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OSU’s Landers shares heartfelt video after Dayton shootings

BB speaks out for Buckeyes

Ohio State defensive lineman Robert Landers (67), whose father was murdered when Landers was a child, posted a video in support of people affected by the recent shootings in Dayton.
Ohio State defensive lineman Robert Landers (67), whose father was murdered when Landers was a child, posted a video in support of people affected by the recent shootings in Dayton.

Ohio State defensive tackle Robert Landers struggles with mental illness, and he doesn’t care who knows it.

In fact, he wants more people to be aware of it. The mass shooting in his hometown of Dayton, Ohio, rattled him enough that he decided it was time to speak out.

The gregarious senior known as “BB” said he has suffered bouts of anxiety and depression since his father was shot to death and he was forced to become the man of the house at age 10. It wasn’t until he got to Ohio State that he was mature enough to recognize what was happening and to stop regarding it as a weakness.

“God has continued to bless me and put me in certain positions, but it’s still an uphill battle on a day-to-day basis,” Landers said in a video he tweeted after the Dayton shootings. The video, in which he also offers condolences to the victims’ families, had been viewed more than 130,000 times as of Monday afternoon.

For the 22-year-old Landers, the shooting came close to home.

His brother Trey, a University of Dayton basketball player, and three of their cousins were in an Oregon District bar in the early morning hours of Aug. 3 when the shooting started right outside. Ten people were killed, including the shooter, and 27 were injured, though Landers’ family members were unhurt.

Given his own past, Landers said he understands survivors and others may have mental health issues to contend with in the aftermath.

“It all, to me, circles back to mental health,” he said in the video. “You got so many people in the world today struggling with this disease ... that a lot of people don’t want to talk about. It’s a real thing, it really does affect people in a negative way, and a lot of people don’t know how to handle it.”

It’s not typical for a 6-foot-1, 285-pound battering ram of a nose tackle to talk about his innermost feelings, fears, and weaknesses. That’s exactly the point. He hopes airing his struggles will take away some of the stigma, and more people who need it will seek help.

“I felt like it was a good time to use my platform and just speak out about it and express how I felt about it and pay my condolences to those people,” Landers said.

Landers’ revelations come at a time that major college football programs have been forced to recognize and confront mental health issues, including how college athletes are holding up under the strain of a challenging academic workload, the pressure of expectations, and living public lives via social media.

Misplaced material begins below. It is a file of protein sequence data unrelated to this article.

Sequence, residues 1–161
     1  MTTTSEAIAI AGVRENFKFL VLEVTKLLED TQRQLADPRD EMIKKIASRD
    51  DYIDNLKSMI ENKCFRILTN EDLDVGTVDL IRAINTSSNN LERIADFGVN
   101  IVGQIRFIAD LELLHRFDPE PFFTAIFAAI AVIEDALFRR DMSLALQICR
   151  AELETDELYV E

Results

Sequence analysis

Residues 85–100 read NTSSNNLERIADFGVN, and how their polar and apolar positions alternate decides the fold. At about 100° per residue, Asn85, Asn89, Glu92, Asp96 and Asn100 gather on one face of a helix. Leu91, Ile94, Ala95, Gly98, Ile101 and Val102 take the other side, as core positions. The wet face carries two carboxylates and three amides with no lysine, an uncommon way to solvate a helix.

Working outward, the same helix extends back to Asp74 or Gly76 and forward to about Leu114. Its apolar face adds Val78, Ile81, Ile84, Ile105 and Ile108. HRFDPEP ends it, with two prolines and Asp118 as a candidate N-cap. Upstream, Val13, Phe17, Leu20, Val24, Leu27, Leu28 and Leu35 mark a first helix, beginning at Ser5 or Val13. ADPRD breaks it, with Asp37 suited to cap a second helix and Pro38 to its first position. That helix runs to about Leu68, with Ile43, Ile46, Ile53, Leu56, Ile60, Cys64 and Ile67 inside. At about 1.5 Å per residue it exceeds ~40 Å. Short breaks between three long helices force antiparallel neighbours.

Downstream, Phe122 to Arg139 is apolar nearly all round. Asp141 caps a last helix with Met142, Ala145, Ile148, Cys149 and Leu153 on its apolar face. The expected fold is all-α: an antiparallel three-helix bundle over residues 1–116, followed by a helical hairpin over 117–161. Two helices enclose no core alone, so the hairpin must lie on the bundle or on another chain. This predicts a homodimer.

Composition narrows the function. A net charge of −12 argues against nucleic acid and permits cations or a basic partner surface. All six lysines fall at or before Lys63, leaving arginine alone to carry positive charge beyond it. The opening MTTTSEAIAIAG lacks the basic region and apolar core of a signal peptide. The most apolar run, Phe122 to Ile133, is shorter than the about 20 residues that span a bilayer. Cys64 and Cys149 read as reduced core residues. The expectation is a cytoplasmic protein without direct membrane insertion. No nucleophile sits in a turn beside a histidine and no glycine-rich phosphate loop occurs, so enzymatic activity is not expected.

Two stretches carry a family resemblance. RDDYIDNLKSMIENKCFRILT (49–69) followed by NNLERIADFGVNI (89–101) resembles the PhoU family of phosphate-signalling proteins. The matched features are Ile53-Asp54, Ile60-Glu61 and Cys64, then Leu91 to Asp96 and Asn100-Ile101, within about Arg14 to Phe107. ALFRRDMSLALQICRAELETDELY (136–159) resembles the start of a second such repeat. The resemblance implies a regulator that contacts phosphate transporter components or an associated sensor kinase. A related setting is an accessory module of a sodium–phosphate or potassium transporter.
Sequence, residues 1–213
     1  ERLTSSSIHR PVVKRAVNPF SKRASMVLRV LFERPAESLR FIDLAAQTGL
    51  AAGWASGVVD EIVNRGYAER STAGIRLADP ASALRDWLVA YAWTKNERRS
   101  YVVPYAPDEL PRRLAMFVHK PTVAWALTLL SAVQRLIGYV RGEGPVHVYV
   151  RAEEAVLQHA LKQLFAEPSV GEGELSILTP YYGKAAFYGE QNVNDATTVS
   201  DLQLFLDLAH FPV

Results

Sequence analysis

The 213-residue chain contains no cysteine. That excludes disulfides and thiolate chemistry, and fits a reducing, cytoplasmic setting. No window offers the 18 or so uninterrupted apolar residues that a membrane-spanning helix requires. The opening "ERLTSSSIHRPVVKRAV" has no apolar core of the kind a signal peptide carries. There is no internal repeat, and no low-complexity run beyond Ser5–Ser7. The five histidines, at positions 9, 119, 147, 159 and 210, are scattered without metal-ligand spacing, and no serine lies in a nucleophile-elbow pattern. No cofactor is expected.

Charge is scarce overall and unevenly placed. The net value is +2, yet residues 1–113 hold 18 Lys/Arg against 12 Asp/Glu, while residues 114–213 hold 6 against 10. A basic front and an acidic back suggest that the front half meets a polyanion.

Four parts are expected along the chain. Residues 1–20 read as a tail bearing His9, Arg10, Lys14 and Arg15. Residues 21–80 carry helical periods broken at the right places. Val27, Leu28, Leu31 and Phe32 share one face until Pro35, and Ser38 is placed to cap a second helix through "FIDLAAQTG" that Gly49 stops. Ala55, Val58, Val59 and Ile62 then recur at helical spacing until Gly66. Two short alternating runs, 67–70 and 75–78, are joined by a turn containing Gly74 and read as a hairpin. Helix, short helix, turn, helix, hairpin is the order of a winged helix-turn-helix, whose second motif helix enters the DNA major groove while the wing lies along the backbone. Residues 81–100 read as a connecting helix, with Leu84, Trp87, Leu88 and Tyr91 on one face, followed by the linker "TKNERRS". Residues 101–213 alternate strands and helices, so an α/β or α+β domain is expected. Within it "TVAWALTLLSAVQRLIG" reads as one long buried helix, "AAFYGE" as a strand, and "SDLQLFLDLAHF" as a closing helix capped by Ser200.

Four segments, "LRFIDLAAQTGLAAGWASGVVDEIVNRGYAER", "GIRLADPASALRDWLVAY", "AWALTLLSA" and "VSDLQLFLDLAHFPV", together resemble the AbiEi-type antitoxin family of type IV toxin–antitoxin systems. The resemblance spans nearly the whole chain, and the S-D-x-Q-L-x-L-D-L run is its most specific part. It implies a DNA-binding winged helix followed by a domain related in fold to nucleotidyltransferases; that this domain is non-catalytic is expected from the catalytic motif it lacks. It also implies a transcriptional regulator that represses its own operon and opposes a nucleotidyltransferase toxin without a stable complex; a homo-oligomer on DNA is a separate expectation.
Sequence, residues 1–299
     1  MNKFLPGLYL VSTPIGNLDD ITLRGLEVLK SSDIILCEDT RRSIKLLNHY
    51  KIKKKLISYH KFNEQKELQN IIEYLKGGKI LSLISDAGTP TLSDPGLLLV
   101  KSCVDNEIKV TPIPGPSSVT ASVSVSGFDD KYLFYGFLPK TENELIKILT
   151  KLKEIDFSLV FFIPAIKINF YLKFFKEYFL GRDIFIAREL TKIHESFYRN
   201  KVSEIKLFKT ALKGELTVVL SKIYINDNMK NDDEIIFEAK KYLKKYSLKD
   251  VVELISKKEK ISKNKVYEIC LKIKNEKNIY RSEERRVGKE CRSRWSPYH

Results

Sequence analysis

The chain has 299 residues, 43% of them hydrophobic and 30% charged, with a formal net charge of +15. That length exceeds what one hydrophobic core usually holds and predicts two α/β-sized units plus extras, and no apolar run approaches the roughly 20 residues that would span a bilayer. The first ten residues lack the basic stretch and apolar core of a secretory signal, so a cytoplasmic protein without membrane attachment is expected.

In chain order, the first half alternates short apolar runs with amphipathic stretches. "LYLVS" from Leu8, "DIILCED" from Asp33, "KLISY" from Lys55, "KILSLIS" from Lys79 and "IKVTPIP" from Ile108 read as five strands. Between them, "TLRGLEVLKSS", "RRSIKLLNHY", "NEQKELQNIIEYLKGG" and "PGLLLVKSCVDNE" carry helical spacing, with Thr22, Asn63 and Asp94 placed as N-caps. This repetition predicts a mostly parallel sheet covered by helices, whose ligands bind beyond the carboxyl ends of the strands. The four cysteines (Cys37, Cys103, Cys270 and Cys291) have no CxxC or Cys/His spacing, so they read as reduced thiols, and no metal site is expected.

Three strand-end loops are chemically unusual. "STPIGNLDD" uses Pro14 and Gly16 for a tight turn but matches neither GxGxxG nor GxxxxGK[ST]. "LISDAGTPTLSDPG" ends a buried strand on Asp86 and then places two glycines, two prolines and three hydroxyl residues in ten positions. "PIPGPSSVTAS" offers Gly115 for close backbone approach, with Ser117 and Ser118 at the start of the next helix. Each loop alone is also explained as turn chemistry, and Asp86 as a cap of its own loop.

His coach, Ryan Day, feels so strongly about the issue that he and his wife sponsor a charity for pediatric and adolescent mental wellness at Nationwide Children’s Hospital in Columbus. It’s personal for Day, too, who was 9 when his own father killed himself.

Day said Ohio State also has added to its counseling staff this year for players who need someone to talk to.

“They understand that we’re here, [and] there’s no stigma attached to asking for help,” Day said. “It’s one of those things we have to make sure there is no stigma attached to it. I think our guys are hearing the message, and I’m proud of BB for standing up.”

Brain injury issues and the suicides of college football players in recent years have forced the issue more out into the open in general.

More schools are now being proactive about watching players closely and trying to help. For instance, the Pac-12 has committed around $3.5 million per year in research grants for projects to improve the health, general well-being, and safety of student-athletes.

“I said this 10 years ago in a meeting one time in the ACC, and people said ... well, they kind of laughed,” Texas A&M coach Jimbo Fisher said.

“I said, ‘Listen, guys, mental health is a huge part of what’s going on right now,’” he said. “When you’re 18, 20 years old, the kids – the things they’re facing is a hundred times greater than we ever did when we were coming up because of [the media] and the social media and the accessibility and the expectations. It’s crazy what these kids go through, and it’s a shame sometimes.”

Florida coach Dan Mullen noted that fans who watch their heroes on Saturday don’t think about what’s happening in their lives the rest of the week.

“A lot of guys, it’s the first time ever being away from home,” Mullen said. “You’re growing and finding out about yourself, and a lot of these guys are having to do it under a spotlight with a lot of people watching them and critiquing everything they do.”

Minnesota coach P.J. Fleck meets with non-football staffers, including mental health specialists, every Monday for feedback on his players.

“They might say something to them that they’ll never say to me,” Fleck said. “They might see a body language change that I didn’t see. They might hear something that was said that I didn’t hear. They might know about a girlfriend breakup. They might know about a mom having a sickness that they don’t want anybody else to know for some particular reason.”

For Ohio State’s Landers, the grind of football practice with his teammates serves as a release, a chance to put aside all the pressures and the dark thoughts that sneak in sometimes.

“The best way I’ve learned to deal with this issue and this disease,” he said, “is surrounding myself with the best possible people I could surround myself [with].”

Associated Press Sports Writers John Zenor in Hoover, Alabama, and Ralph D. Russo in Minneapolis contributed to this report.

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